Can We Use the Case of Public Parks to Critique the Logic of School Choice?

Can we use the case of public parks to critique the logic behind school choice? Some think so. Voltaire is quoted as saying, “A witty saying proves nothing.” That is the quote that came to mind when I saw someone post the following on Twitter recently:

What do you think? Some might read it and join in a resounding cheer for this witty statement about some people’s belief that school choice is “ridiculous” on the same grounds as the fictional public park statement. The problem is that this is not really an argument against school choice. When we use such comparisons, they can be clever and stick with people, but we must also ask whether they are inviting us into a candid and substantive consideration of the true affordances and limitations of school choice, and there are indeed both.

Yes, the example with the parks does sound a bit ridiculous, but it only takes a few moments of listing the similarities and differences between public parks and public schools to recognize that this comparison comes rather close to what some might call ridiculous.

If we are going to work with the park comparison, allow me to offer a few thoughts.

  1. It is mandatory for people of a certain age to attend school, but not so with parks.
  2. When a park is unsafe, you don’t have to go to it. When you are in a community with an unsafe school and it is your only option, you are still required by law to attend (unless of course you are wealthy enough for the private school or can afford to have a parent stay home to homeschool).
  3. What would you say to a person who is told that it is un-Amercian to not send their kid to an unsafe park every day, arguing that you should send your kid to that park while fighting to make it safer? If your child is harmed during that time, we can chalk that up your American duty. Yet, those with the money and time to travel further for a safe park are insulated from this same “American duty.”
  4. My point is that we don’t force people to go to parks and then improve them. We improve parks and then people start going to them.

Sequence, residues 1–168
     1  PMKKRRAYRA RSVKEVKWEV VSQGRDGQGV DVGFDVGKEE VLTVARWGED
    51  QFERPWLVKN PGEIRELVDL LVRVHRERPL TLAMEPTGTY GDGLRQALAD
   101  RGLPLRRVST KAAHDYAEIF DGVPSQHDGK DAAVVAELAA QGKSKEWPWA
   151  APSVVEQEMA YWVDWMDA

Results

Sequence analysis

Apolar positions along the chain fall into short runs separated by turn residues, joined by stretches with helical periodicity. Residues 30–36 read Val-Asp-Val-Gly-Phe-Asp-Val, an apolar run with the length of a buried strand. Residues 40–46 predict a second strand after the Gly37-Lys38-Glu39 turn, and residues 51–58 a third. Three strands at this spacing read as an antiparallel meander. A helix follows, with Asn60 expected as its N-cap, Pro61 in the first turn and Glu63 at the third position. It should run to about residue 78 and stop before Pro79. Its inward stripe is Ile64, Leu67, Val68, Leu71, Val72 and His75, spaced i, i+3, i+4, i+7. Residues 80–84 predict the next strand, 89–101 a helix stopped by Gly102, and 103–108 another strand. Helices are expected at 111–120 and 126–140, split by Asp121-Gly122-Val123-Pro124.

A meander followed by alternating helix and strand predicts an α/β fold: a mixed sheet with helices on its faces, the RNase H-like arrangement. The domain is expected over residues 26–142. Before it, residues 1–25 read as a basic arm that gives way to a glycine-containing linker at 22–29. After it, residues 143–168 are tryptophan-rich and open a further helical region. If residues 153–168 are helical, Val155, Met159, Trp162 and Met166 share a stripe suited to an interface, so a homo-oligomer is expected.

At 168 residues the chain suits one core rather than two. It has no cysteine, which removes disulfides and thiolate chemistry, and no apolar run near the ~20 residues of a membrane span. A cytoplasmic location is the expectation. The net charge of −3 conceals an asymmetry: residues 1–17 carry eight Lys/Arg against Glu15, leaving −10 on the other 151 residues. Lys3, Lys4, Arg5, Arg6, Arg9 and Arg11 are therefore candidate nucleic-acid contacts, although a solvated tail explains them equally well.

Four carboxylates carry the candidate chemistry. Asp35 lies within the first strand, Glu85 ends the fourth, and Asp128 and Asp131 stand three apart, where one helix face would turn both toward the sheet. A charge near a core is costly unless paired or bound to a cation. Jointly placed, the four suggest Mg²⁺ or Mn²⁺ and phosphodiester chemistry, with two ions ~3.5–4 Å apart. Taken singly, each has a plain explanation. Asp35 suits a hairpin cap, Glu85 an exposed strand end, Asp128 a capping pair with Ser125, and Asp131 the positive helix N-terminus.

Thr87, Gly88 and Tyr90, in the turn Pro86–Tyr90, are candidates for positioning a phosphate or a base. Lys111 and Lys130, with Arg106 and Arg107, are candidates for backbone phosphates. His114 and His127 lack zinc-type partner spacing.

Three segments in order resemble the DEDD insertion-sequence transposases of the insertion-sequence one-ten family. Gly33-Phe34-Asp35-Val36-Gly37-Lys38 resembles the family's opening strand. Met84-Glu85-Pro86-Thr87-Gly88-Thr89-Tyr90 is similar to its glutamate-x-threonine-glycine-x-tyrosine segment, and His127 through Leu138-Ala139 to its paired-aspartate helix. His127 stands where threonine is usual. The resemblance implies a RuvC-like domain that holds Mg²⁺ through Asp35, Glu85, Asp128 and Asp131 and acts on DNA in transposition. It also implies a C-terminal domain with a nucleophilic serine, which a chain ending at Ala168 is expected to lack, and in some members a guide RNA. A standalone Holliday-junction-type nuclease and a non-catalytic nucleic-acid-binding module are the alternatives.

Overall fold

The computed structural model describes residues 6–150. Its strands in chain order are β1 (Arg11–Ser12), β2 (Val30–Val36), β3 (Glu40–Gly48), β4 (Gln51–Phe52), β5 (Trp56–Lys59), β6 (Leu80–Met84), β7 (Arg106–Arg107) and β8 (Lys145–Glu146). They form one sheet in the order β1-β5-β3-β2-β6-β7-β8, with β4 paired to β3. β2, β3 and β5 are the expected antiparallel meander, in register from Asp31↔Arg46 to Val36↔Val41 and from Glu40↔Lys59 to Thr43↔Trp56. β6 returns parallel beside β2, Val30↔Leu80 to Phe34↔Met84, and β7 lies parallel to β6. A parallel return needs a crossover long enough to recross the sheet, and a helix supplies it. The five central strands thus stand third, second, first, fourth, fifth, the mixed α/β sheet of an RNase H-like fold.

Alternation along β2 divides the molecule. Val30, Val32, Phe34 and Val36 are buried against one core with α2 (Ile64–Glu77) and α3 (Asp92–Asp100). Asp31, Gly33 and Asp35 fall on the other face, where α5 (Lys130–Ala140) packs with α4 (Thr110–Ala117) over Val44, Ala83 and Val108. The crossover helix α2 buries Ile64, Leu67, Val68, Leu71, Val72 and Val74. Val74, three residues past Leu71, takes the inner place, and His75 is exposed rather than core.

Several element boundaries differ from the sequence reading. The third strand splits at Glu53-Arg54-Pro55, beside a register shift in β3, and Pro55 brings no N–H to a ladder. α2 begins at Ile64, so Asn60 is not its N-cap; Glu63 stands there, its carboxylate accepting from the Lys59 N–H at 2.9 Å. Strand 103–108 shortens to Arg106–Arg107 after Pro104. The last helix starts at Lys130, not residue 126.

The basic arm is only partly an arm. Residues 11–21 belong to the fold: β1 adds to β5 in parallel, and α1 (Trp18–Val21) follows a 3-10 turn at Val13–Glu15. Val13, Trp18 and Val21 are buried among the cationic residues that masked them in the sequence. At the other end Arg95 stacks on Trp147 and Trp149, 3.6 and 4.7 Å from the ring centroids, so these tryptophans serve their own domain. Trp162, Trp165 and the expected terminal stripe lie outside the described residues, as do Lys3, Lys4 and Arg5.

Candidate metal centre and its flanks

5. When a park is poor in quality, people vote by not going to it. If there are better options, they take advantage of those choices. My family does that all the time. We used to go a little further to the park with the best playground, the bets hiking, or whatever else aligned with our goals. Note that quality also wasn’t a simple measure on some standardized test of park quality either. We made a choice based upon our goals and values and what the park could offer.
  6. Your kid loves skateboarding and the closest park doesn’t allow or have room for skateboard. Yet, there is a great skateboard park about a mile away so you opt to help your kid go there instead.
  7. Now imagine a local park where the officials decided that it was a public health essential that parks include “how to” posters related to the park official’s viewpoint on certain political and hot social issues, and much more. Maybe you agree with those positions and maybe you do not, but you don’t have to go to that park. Mandatory daily attendance at the park does not exist, so you can opt to play or walk somewhere else if somewhere else is available. If not, you can fight to change that park, but if those in charge reject your complaint, that is it. Not only that but imagine the park officials ridiculing your complaint as being too liberal, too conservative, closed-minded, backward, socialist or something else. There is limited actual openness to a substantive debate about what goes into the park.
  8. If there are park officials on duty who are not the type of role model that you want for your children, you express concern, and your concerns are disregarded, what next? Those park officials might rank about the importance of legalizing marijuana, locking our borders to illegal immigrants, making oil illegal, or some other position. That is not their primary job as park officials but their ideas quite often come out in subtle and direct ways. Again you express concern but the park board and park administration supports the park official.

I’m not saying that these are always issues for people, but the simple public park to public school comparison make in the above poster does not help to surface such important candid discussion. Or, since I’m writing this as a response, maybe it does.

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About Bernard Bull

Dr. Bernard Bull is the author of Missional Moonshots, Assistant Vice President of Academics, Associate Professor of education, and a frequent keynote speaker and consultant on topics related to educational innovation and entrepreneurship, futures in education, and the intersection of education and digital culture. Opinions expressed here do not reflect those of his primary employer(s).

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